The row continues over the Last Night at the Proms, with traditional songs, including Land Of Hope And Glory and Rule Britannia!, to be performed without lyrics after it was confirmed they would not be axed from the event.
Earlier in the week it was reported the aforementioned songs may be dropped altogether from the runsheet over concerns of associations with colonialism and slavery.
The broadcaster has since revealed details of the event and confirmed the songs will still be performed by an orchestra, after Downing Street waded into the controversy.
The BBC issued a statement saying Land Of Hope And Glory and Rule Britannia! will be performed at the iconic Last Night Of The Proms on September 12 – but without vocals. However they are expected to be back in full when the coronavirus pandemic is over.
There will also be no live audience to sing along because of coronavirus restrictions, with singing deemed a risk of transmission.
Still, the lack of vocals has now created a fresh row online.
Father Marcus Walker, rector at Great St Bartholomew’s in London, wrote on Twitter: ‘Hilarious that people are dressing the BBC promising ‘orchestral versions’ of Land Of Hope And Glory and Rule Britannia as a retreat.
‘It’s nothing of the sort, it’s gutting the songs of their words – of their meaning. You may think that’s a good thing or not, but it’s no retreat.’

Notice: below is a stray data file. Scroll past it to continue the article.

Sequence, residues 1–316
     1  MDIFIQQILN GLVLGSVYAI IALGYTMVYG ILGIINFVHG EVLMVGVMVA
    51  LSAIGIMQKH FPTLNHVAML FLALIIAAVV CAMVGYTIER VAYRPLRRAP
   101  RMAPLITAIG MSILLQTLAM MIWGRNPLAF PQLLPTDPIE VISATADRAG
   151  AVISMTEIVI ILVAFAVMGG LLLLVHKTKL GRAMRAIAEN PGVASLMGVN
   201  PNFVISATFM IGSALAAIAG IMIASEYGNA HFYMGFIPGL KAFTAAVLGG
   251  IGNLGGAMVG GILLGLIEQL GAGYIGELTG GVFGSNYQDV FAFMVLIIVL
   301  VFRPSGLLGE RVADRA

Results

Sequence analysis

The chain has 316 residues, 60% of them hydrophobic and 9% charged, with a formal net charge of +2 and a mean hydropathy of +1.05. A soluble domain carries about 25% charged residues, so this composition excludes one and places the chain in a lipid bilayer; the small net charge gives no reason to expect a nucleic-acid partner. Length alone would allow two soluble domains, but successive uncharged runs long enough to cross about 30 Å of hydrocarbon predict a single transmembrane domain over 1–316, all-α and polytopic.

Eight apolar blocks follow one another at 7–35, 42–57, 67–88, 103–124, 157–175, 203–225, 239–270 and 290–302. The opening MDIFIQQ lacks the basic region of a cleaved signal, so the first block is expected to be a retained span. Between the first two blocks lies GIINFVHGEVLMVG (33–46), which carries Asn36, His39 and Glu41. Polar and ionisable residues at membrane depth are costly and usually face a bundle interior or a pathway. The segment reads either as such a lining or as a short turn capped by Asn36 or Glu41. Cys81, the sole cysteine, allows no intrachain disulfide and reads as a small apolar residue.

‘But the PM previously has set out his position on like issues and has been clear that, while he understands the strong emotions involved in these discussions, we need to tackle the substance of problems, not the symbols.’
Culture Secretary Oliver Dowden said that ‘confident, forward-looking nations don’t erase their history’.
He wrote on Twitter: ‘Rule Britannia! and Land of Hope and Glory are highlights of the Last Night of the Proms.
‘(I) Share concerns of many about their potential removal and have raised this with (the) BBC.
‘Confident forward-looking nations don’t erase their history, they add to it.’
Over the weekend it was reported by The Times Rule Britannia! faced the chop, claiming that Dalia Stasevska, who will be conducting the classical music event, believed ‘a ceremony without an audience is the perfect moment to bring change’.
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